Unfortunately that is not going to happen because Villa are not shopping at Harrods these days…..
Spanish boots of Spanish leather..
So another international tournament ended with another triumph for the Spanish and they certainly seemed to be worth every troy ounce of that silver trophy, even if the reportage tended to discount Italy’s bad luck, as they heaped on the superlatives and transmuted fact into the preferred mythology, which always tends to sweep away the vagaries and uncertainties which was the reality.
Really, it was not certain that Italy would not score the goal which might have let them back into the game, until Torres’s 84th minute killer, and it actually didn’t transform into a foregone conclusion until the final whistle had actually blown.
I definitely wanted Spain to win because wanting anything else would have involved the perverse desire of wanting the lesser team to win, which I especially reserve for when Villa are the lesser team.
In the final at least, the Spanish were fabulous, with Iniesta and Fabregas being amongst the players of the tournament. Obviously, Pirlo was superb too and it certainly was strange to be so familiar with Balotelli, that he felt like one of our own.
Watching the Spanish snuff out the creativity of Pirlo was quite a football education, as it proved that even the best players can’t do much if they are forced to play with their heads down, rather than heads up, when they can pick the pass.
Worthy winners as the Spanish proved to be, I didn’t quite think Torres deserved the Golden Boot, because coming on late in the game, after your team has pummelled the opposition to a legless pulp, and tapping in a goal, just doesn’t seem to be on the same level and import as Shevchenko’s brace for Ukraine, Balotelli’s semi-final-winning contribution or even Mario Gómez’s three goals from less than a minute of possession.
Torres, appropriately played the part of the Torero (the matador) who steps in to apply the killing sword-thrust, after the poor animal has been broken by a troop of Banderilleros and Picadors. The strutting of the matador never seems quite right.
There were certainly more thrilling strikers who lit up the tournament, and no striker made me smile more than Zlatan Ibrahimovic. It was just brilliant seeing him bully the likes of John Terry, who are so used to doing the bullying, and his volley against France was a wonderful combination of technique and power.
Anyone interested in seeing Zlatan as a big soft lad might watch this series of videos (1st of 5)
The tournament was certainly an interesting one for Villans because there was a surprising number of present and former Villa players on show, from the majestic bearded one for Sweden, Milan Baros (most fouls in minutes played) for the Czech Republic, and Villa’s Irish contingent, who managed to upset Roy Keane rather more than was reasonable.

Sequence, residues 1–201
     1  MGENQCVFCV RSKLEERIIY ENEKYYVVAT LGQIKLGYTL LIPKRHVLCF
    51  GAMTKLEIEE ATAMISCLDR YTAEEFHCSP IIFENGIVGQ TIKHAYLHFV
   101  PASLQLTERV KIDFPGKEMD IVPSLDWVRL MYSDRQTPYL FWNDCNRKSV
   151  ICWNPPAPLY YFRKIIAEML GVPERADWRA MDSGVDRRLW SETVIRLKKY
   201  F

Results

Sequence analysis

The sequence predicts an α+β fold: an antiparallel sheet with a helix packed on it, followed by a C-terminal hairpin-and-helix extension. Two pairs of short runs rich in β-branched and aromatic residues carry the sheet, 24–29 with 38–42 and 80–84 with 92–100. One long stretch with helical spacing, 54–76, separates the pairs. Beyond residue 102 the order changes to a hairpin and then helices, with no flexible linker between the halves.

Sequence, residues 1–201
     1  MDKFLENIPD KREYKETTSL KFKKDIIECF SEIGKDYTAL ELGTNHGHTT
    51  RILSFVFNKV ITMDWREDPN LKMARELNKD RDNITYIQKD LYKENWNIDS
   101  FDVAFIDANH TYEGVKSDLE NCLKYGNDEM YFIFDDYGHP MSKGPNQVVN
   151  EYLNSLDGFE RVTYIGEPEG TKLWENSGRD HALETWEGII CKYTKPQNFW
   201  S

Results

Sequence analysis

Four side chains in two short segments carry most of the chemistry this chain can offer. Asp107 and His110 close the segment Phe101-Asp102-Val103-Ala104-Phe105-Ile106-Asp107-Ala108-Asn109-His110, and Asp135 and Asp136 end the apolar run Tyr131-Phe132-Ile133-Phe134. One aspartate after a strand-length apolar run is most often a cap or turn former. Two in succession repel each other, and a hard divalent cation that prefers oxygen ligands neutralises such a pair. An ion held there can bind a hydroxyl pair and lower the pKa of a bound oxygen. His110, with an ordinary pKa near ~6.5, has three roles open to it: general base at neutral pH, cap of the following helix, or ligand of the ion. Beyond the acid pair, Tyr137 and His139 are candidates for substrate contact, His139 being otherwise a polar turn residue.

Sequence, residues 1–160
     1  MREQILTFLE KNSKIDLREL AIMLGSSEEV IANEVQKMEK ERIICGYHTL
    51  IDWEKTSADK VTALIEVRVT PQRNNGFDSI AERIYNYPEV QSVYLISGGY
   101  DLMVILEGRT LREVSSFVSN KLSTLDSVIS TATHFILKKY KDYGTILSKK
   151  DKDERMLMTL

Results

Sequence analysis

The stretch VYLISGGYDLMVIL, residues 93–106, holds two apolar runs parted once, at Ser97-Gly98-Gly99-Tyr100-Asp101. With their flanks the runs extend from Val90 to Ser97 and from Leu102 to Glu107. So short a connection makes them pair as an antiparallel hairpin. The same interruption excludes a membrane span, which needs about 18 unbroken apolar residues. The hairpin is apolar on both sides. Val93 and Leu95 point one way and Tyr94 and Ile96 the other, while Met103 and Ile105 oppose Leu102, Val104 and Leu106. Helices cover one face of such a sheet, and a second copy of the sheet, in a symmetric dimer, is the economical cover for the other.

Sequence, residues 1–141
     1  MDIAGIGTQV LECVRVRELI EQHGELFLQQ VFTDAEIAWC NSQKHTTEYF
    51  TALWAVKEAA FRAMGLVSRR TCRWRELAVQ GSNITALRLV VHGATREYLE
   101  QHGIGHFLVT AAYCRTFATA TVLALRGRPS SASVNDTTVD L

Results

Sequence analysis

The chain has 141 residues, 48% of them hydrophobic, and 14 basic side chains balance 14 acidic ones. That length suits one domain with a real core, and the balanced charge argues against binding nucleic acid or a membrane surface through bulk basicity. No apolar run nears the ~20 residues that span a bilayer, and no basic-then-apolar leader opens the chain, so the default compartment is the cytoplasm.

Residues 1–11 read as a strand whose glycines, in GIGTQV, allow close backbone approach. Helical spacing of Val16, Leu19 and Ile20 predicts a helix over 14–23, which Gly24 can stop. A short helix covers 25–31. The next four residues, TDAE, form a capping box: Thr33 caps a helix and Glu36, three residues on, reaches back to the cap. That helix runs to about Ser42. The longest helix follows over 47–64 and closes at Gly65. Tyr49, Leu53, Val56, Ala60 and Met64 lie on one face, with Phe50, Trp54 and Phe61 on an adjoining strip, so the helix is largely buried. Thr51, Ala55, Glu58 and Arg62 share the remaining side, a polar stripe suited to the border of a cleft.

Then there were England’s Ashley Young and James Milner, who did us all a favour by playing in such a way, which might have made even their most loyal fans, wonder why we rated them so highly. Even so, as poor as James Milner was, he still remains the one player I would gladly welcome back at Villa, to energise the midfield and drive the team forward, like the Duracell rabbit that he most certainly is.
And while I am indulging my wishful-thinking, I would love Villa to sign Andy Carroll. There is something about the big gallute which I just love, and if Liverpool were to find him surplus to requirements now that they are in their new era of tiki-taka, I would love to see him in a Villa shirt.
Unfortunately that is not going to happen because Villa are not shopping at Harrods these days and Paul Lambert seems to be shopping for bargains, as he seeks to bolster Villa’s depleted squad.
Villa are in a fascinating position as regards their finances and it certainly looks like the club are due to start making a profit come 2014, as the results of slashing the wage-bill, converge with the fantastically lucrative new TV deal the Premiership have negotiated, which starts in 2014. This amounts to 70% increase in TV revenue for the Premiership and means that even if Villa finish no higher than last season, they will earn £60m from television alone, which is as much as Man City got for winning the title in May.
This extra £20m minimum a season should bring Villa within compliance with the FFR’s, and should give the club some fantastic opportunities and a number of options. Will they just waste it on even bigger wages, like most Premiership clubs have done, as their incomes have grown, or will they use the money to redevelop the North Stand?
Obviously this money increases the gap between the Villa and the top four, because of the way it is shared out, but it definitely consolidates Villa’s position, because it increases the gap between themselves and the Championship. Villa’s television income will be at least ten times that of Championship sides without access to parachute payments. So while Villa get their £60m, clubs in the Championship won’t get into double-figures.
All interesting stuff and it would be fascinating to see if this extra money changes Randy Lerner’s vision for the club.
Anyway, in the meantime, Villa probably don’t need to spend too much on players because if they can get their best players on the pitch and with the fans behind them, Villa have a fairly decent side, and should certainly be able to finish in the top-half, this coming season.
Of course, we all dream of the excellence of Spain but after last season, most fans will settle for what they can get and take their consolations where they can find them.
So Spanish hopes but British weather..